Monday, February 27, 2017

Helping Pre-Readers Write Primary Talks

Our kids are blessed to attend a rather small LDS Primary. An average week yields about a dozen kids aged 3 -11.  A larger primary (like that of my own childhood) would be awesome as well. However, I've really come to love our little group and the experiences my two older children have because of its small size. They absolutely adore the older children -- who shower them with attention and kindness. Also, they are frequently called upon to say prayers, answer questions, choose songs, and give talks. Last year Nell gave two primary talks as a sunbeam (that's the youngest class). I'm willing to bet that's pretty unique. 

Neither Reid nor Nell read (or write), but they love preparing and giving talks. We've had to think outside the box as we've helped our pre-readers write their talks, so I thought I'd share some of the strategies that have worked for us. Hopefully this can help some other parents of pre-readers prepare their kids to give talks during sharing time as well. 

1. Make sure the child is using their own words, and not yours (or someone else's). 
My goal for my kids, even at age three, is that they will both write and speak the talk themselves. Of course we help them with the outline and structure of each talk, but we encourage them to use concepts and language that are familiar to them. When they each gave their first talk I stood by them to offer encouragement and help get them through any hiccups, but I do not whisper the talk into their ears. The words are theirs and they are comfortable expressing them to their peers. If a child does need the words whispered into their ears (because we all have different abilities), those words should still be comfortable and natural to them. 

2. Study the topic with them every day of the week.
The purpose of speaking in Church is mostly for our own benefit. When we are asked to prepare a talk or lesson we have to spend a great deal of time studying the topic on our own. Then we put together our thoughts and deliver them to our audience. This should be no different for our children. Most recently, Reid was given a somewhat complicated topic, his assignment was: "Jesus Christ created the Earth so I could learn to choose the right." Throughout the week we talked about the two very separate ideas in that sentence. Why did Jesus create the Earth? How can we choose the right? After some good discussions on these two points, we started putting the two concepts together. We kept having Reid flush out ideas and express what he was learning in his own words. The final draft of his talk included comments about dinosaurs and the Mariana trench -- so you can trust me when I say our kids use their own words! We always encourage them to come up with their own ideas, but they can only do this if they understand the doctrine they are asked to speak on.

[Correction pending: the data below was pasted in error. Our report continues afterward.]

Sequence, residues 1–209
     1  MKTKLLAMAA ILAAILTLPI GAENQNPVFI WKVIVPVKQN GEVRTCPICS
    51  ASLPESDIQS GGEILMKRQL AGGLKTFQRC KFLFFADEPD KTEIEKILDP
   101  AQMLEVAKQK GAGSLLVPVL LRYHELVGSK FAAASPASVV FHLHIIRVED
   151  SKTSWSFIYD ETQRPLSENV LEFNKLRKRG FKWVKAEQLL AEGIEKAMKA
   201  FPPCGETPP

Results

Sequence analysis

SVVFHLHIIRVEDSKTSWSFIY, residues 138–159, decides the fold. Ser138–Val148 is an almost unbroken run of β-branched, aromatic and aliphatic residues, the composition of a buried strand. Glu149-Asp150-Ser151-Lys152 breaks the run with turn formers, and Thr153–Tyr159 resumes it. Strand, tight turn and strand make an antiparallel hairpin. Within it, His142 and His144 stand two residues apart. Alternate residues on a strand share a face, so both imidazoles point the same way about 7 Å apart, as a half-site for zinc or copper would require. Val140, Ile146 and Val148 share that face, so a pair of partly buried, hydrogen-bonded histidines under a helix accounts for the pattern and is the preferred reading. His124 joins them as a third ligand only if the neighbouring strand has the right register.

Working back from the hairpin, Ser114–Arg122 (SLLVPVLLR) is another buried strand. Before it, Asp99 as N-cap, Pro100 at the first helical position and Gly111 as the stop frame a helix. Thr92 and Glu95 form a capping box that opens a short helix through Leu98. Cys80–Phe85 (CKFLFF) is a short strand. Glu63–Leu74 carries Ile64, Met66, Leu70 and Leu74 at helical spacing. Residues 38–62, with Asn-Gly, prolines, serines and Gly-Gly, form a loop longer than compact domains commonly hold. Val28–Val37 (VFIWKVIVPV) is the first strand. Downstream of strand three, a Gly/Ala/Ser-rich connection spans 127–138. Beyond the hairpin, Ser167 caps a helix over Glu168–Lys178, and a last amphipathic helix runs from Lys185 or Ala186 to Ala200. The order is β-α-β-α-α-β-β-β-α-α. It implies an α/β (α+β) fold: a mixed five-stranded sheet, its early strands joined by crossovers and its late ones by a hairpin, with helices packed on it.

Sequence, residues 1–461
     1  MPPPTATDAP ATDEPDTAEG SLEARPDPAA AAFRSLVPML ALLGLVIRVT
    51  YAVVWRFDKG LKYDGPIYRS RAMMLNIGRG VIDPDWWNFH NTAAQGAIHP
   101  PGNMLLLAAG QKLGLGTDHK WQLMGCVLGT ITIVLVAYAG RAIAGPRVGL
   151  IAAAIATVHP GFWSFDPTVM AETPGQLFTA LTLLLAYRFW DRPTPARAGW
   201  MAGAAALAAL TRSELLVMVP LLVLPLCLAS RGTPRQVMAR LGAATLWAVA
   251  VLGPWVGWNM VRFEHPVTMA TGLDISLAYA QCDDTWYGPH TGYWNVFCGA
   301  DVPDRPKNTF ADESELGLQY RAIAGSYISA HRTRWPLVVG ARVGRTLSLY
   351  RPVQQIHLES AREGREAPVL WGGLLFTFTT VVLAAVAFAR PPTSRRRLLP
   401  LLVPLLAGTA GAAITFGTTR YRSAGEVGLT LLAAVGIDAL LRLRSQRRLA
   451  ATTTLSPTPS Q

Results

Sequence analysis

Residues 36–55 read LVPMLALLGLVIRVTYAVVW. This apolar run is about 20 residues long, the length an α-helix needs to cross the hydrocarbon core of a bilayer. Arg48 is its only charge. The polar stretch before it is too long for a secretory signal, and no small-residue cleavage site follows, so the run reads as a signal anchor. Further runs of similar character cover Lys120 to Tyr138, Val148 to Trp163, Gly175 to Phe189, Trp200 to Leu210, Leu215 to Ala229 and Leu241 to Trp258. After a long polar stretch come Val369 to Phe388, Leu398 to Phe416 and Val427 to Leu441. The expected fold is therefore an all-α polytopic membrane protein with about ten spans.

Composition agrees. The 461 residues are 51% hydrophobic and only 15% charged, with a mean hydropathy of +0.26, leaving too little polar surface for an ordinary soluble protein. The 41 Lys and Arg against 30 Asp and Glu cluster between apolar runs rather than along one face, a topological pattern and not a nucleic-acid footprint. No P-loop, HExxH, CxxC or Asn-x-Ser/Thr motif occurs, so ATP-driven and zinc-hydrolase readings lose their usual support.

3. Create a storyboard for the child to read from the pulpit. 
This genius idea belongs to Reid. As we kept talking about the reason for the creation and the importance of choosing the right, he said something about writing his talk as a picture. That was a real light bulb moment for me. I got out some paper and made six frames; then he and Ben filled it out together. I would highly recommend this method to anyone. By the time they were finished Reid had six concrete thoughts he knew he needed to hit and his talk was built on strong organization. This gave him the confidence he needed to stand at the podium (without me by his side), make eye contact with his audience, and deliver his talk with near perfection. He occasionally made quick glances at each square and then spoke from the heart as he moved from one point to the next. 

4. Use props.
I know props for talks in sacrament are frowned upon, but I think it is okay to make an exception for children's primary talks. I imagine some church members may disagree with this approach, but it worked really well for us when Reid was 5 and asked to speak on The Creation. I created a flannel board story of the Creation and it served as the outline for his talk. This allowed him to tell the entire creation story in his own words, while also offering a visual for his peers.

Props did not work for Nell when she was asked to speak on Christ's birth. I envisioned her putting out each piece of our Little People Nativity set as she told the story, but every time we practiced it at home her retelling of the story just became more and more ridiculous. She was ad-libbing all sorts of junk that certainly would have made her story interesting, but not at all accurate. In the end we just put the nativity out on the table next to us and stuck to simple story telling from the pulpit, which leads us into number five.

5. Practice, practice, and practice some more.
I really don't have any wisdom to offer here, other than what is said: practice, practice, practice. Nell had to run through that nativity talk a couple dozen times. We'd interrupt her when she got too dramatic; we'd remind her of any parts she was missing. We did it again and again and again. Reid also runs through his talks a couple dozen times before delivery. We are sure to go over it several times the morning before church.

6. Always close with a testimony.
When our kids practice their talks we always ask them to include their own testimony at the end. We have never given them instruction for this portion of the talk. It isn't something we correct or persuade. They know they need to close with two or three comments about something they are thankful for and something they know to be true. Naturally, they stick pretty closely to their assigned topic.

I'd love to hear any other ideas that have worked for parents with young children. Feel free to leave them in the comments or pass this post around if you find it helpful.

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